T H E S O U N D S O F H O R R O R –
The History of Horror Sounds & Techniques in Film.
Whether it be creaking floor boards in a dark deserted hallway, the ominous sounds of unsettling whispers, or the aggressive revving of an old rusty chainsaw; some sounds are synonymous with horror. It is this genre that utilizes sound design the most, and relies so heavily on what the audience hears – or in some circumstances, doesn’t hear. Understanding what types of sounds and in what combination can most effectively unsettle and sink deep into your audience’s psyche will help any creator develop a more memorable horror film, television show, or web series.
‘THE LEWTON BUS’
In fact, the notable horror cliche of the “quiet… quiet… BANG!” method is derived from the technique known as the ‘Lewton Bus.’ Producer Val Lewton famously developed the technique back in 1942’s Cat People, of lulling the audience into a false sense of security as the scared protagonist proceeds in silence for a moment of time only to be jolted by the sounds of something rather innocent.
Even though aspects of this technique have evolved with time, you can see the ‘Lewton Bus’ method now used in nearly every horror film to date and is a valuable tool for any creator to utilize in their own horror masterpieces.
Also known as the ‘ocean harp,” is an odd looking percussive instrument that creates all those eerie and ethereal sounds used in countless horror films including Poltergeist, Aliens, Let the Right One In, and even non horror films alike. The sounds itself is tough to describe so give it a listen and you will instantly recognize it’s spine tingling qualities.
Unless you’re a lumberjack, for most of us the guttural revving of a chainsaw invokes thoughts of dread and dismemberment. This in part started back in 1974 with the Texas Chainsaw massacre and has been since remade, mimicked, and turned into several homages. The chainsaw sound is just so loud and violent that it cannot help but invoke a sense of chaos and confusion as the deafening sound itself grabs the viewers complete attention, puts them on edge, and does not let go.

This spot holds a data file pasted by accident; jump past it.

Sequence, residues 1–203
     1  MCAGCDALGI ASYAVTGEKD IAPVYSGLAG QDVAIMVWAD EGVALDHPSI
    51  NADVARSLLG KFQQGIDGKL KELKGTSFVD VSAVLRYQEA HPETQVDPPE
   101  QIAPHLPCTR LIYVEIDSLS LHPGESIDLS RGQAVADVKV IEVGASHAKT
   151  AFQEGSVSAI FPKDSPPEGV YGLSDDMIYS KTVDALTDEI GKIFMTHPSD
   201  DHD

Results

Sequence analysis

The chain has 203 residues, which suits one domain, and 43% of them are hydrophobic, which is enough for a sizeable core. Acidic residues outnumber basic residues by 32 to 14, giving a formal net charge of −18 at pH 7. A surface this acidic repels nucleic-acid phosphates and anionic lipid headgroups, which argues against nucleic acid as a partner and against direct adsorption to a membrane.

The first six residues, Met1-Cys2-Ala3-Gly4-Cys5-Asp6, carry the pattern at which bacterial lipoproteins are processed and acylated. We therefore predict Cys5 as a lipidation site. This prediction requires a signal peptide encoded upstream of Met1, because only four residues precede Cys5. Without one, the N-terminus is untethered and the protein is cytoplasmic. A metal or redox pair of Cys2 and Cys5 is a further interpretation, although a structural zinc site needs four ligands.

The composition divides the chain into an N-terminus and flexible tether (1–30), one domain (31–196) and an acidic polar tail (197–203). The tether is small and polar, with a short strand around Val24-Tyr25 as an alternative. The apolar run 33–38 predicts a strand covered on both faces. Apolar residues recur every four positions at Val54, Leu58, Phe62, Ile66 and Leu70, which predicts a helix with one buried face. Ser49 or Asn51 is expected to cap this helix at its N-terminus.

Whether it be Freddy Krueger’s claws opening, Jason’s machete scraping against the wall as he meanders towards his victim, or Sweeney Todd sharpening his straight razors before he begins a shave to close for comfort. The sound of metal scraping inherently flags as a warning sign to the audience. You may not even see the object itself but hearing the sound tells you something bad is going to happen. We commonly identify metal scraping as a knife, blade, or weapon of some sort and hearing the sound triggers something basic in us screaming DANGER!
A SCORE THAT WILL DRIVE YOU MAD
All work and no play makes Jack a dull boy! Jack’s slow descent into madness throughout 1980s The Shining has a intensely unsettling musical score to match. Letting the music indicate the tone and mood of your piece is paramount and is just as an important character as even your protagonist that needs to have its own arch and development. Using The Shining as our example Jack at the start of the film is an aspiring writer who took an off season caretaker job with his family; The music meanders along at a lulling pace. By the end of the film he’s chasing his own kid through a hedge maze with an axe and the music is just pure chaos!
What do you think?
We’ve only begun to scratch the surface on all the horror sounds that make your skin crawl. Let us know your favorite and most iconic horror sounds in the comments below! And if you are looking to spice up your horror piece with some memorable sounds – whether it be eerie atmospheres, screams, shocks, creaking, cracking, breaking, or just good old fashioned gore – then be sure to check out AudioMicro.com for all your horror sound needs!
We’re always here to support you in your creative endeavors!